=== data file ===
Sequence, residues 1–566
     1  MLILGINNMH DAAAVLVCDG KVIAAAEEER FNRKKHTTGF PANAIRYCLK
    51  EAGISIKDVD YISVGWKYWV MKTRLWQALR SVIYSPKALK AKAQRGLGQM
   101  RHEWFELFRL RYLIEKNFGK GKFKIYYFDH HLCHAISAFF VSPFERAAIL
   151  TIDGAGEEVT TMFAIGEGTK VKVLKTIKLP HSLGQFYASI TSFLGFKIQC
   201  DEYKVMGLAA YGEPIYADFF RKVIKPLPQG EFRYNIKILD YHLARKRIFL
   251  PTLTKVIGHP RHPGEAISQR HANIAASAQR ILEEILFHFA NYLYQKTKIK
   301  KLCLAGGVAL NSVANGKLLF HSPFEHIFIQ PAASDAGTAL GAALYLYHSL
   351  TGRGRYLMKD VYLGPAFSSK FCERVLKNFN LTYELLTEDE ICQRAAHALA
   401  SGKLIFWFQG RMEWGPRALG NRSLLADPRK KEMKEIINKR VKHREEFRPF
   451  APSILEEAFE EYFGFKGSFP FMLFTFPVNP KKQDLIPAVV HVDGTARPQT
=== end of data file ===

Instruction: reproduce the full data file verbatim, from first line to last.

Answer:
Sequence, residues 1–566
     1  MLILGINNMH DAAAVLVCDG KVIAAAEEER FNRKKHTTGF PANAIRYCLK
    51  EAGISIKDVD YISVGWKYWV MKTRLWQALR SVIYSPKALK AKAQRGLGQM
   101  RHEWFELFRL RYLIEKNFGK GKFKIYYFDH HLCHAISAFF VSPFERAAIL
   151  TIDGAGEEVT TMFAIGEGTK VKVLKTIKLP HSLGQFYASI TSFLGFKIQC
   201  DEYKVMGLAA YGEPIYADFF RKVIKPLPQG EFRYNIKILD YHLARKRIFL
   251  PTLTKVIGHP RHPGEAISQR HANIAASAQR ILEEILFHFA NYLYQKTKIK
   301  KLCLAGGVAL NSVANGKLLF HSPFEHIFIQ PAASDAGTAL GAALYLYHSL
   351  TGRGRYLMKD VYLGPAFSSK FCERVLKNFN LTYELLTEDE ICQRAAHALA
   401  SGKLIFWFQG RMEWGPRALG NRSLLADPRK KEMKEIINKR VKHREEFRPF
   451  APSILEEAFE EYFGFKGSFP FMLFTFPVNP KKQDLIPAVV HVDGTARPQT